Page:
This week the U.S. Government entered the civil case as a party that takes no position on the issues but has interests of its own that it wishes to protect.
A small Northern Virginia news outlet had the most details I've seen so far on the wording of the protective order, and the immediate rebuttal by lawyers for the Dunn family (here):
Last Friday, lawyers for the U.S. government filed a motion in U.S. District Court for the Eastern District of Virginia in Alexandria where the Dunn family filed a lawsuit in 2020, arguing that the details of Sacoolas' employment should not be released in the interests of "national security."-- snip --In their motion, U.S. Justice Department lawyers argued that the details of who Sacoolas was working for in the U.K. should play no part in the civil case because "information concerning the United States Government has little to no relevance to an adjudication of any remaining issues in this case.""Specifically, although the United States takes no position on the ultimate disposition of this private lawsuit, it has a substantial interest in certain limited information at risk of disclosure in further proceedings in this litigation because of the effect disclosure of such information may reasonably be anticipated to have on the national security of the United States," the Justice Department said.Lawyers for the Dunn family, in a filing with the court on Monday, argued that the Justice Department's proposed protective order "contains imprecise, broad language that could be used to exclude information that is both relevant to Plaintiffs' case and does not implicate the Government's interests.""Contrary to the Government brief, this is not a case where Ms. Sacoolas has fully accepted responsibility simply by admitting that she was on the wrong side of the road," the Dunn family lawyers wrote.
That last paragraph is curious, since it seems to suggest there could have been some cause or reason for the road traffic accident other than the driver mistakenly driving on the wrong side of the road. Does that seem likely? And why exactly would the plaintiff's lawyers be in any position to say what information does or does not implicate the government's interests?
Those questions will be answered by the judge hearing the case, T.S. Ellis, who is a Reagan appointee with a long record of handling terrorism and espionage cases. He has been given the information that the government wishes to protect. Who knows what any judge will decide, however, if I were a betting man, I'd bet on the plaintiffs being disappointed.
Meanwhile, the protective order has excited the Dunn family's disastrous advisor / spokesman into a new surge of twitter activity and media interviews. You just know that the real lawyers over here who are doing all the work in the case have got to regard him as a loose cannon, especially at this delicate stage when he could just possibly provoke Judge Ellis into sanctioning the plaintiffs or even dismissing the case when he spills the beans on whatever information it is the USG wants to protect.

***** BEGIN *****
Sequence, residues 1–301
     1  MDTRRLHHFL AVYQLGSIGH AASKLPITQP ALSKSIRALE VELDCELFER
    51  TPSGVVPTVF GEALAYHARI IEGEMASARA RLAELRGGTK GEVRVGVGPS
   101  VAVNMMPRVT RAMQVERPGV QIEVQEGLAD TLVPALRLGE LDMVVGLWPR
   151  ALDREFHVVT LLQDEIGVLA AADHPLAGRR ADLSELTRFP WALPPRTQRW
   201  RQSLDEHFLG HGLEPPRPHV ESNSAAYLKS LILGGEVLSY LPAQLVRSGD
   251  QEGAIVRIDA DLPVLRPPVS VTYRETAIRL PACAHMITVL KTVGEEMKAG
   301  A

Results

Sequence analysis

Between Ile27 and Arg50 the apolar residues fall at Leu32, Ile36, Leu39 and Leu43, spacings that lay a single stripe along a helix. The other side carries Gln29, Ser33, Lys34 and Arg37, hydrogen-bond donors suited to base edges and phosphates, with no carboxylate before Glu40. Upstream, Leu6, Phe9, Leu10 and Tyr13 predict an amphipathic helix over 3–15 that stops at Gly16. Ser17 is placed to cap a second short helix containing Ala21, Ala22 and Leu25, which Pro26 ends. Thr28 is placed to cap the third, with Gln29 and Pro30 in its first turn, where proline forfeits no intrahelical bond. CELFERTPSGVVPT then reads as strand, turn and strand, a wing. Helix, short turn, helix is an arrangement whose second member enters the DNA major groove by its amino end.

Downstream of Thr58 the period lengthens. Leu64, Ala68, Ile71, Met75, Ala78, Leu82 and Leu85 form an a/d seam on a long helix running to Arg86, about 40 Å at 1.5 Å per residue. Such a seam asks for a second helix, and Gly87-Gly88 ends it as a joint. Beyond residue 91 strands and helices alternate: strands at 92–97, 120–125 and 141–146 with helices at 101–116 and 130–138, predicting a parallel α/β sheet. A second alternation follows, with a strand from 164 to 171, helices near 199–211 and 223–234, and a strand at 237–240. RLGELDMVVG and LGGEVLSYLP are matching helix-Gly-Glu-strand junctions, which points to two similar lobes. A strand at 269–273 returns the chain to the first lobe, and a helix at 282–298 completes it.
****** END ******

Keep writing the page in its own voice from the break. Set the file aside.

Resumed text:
Not to mention the even bigger liability that he or the family could conceivably commit a violation of the Intelligence Identities Protection Act. Judge Ellis is the kind of judge who would take a very dim view of anyone violating the IIPA.
I expect that the family's new team of U.S. lawyers are now learning why the original team dropped out of the case.
And you just know that loose cannon will spill anything he knows, or suspects, or wishes were true, or can pretend he has learned, about those USG interests. He is undoubtedly champing at the bit to feed insider tidbits to his favorite media figure, George Galloway, on the later's talk show on Radio Sputnik (yes, really, Radio Sputnik).
By the way, Radio Sputnik is the radio and website counterpart of RT (Russia Today) TV. RT is a subsidiary of TV-Novosti, an organization founded by the Russian state-owned news agency RIA Novosti in April 2005. Its division directed at the United States, RT America, was forced to register with the United States Department of Justice under the Foreign Agents Registration Act.
As for Galloway, he was a long-time Member of Parliament until he was expelled from the Labour Party back in 2003, so being a Russian internet shill is for him a late-life occupation.
Galloway is less well known for his brief career as a military strategist and advisor to Saddam Hussein’s regime. By his own account in I'm Not the Only One, Galloway advised Saddam Hussein's Deputy Prime Minister and Foreign Minister on the best way to handle a potential American invasion:
"The only war that can be fought against a superpower is a war of movement. I brought Tariq Aziz all the writings of Che Guevara and Mao Tse Tung on the arts of revolutionary war and he had them translated into Arabic. Fight a war of movement, take the uniforms off, swim among the Iraqi people and whatever their views on the regime, they will undoubtedly provide deep aquifers of support for a patriotic resistance.”Inexplicably, Saddam didn’t take that advice, so, in all fairness, Galloway cannot be held responsible for Iraq’s subsequent defeat.
Galloway also had other, much more lucrative, conversations with the Iraqi regime, and those came back to bite him when the U.S. Senate looked into the matter of Iraqi oil allocations and under-the-table money sent his way while he was still an MP. See the United States Senate report concerning the testimony of George Galloway (here) for the details.
Well, one good grifter deserves another, and those two are as perfect a paring as I could want.
One last thought: could this civil suit have been avoided if the UK had only done the same thing the State Department did back in 1989 and required the diplomats it hosts to obtain large amounts of motor vehicle insurance and then be issued license plates exclusively through the Foreign Office? Maybe there's a lesson to be learned.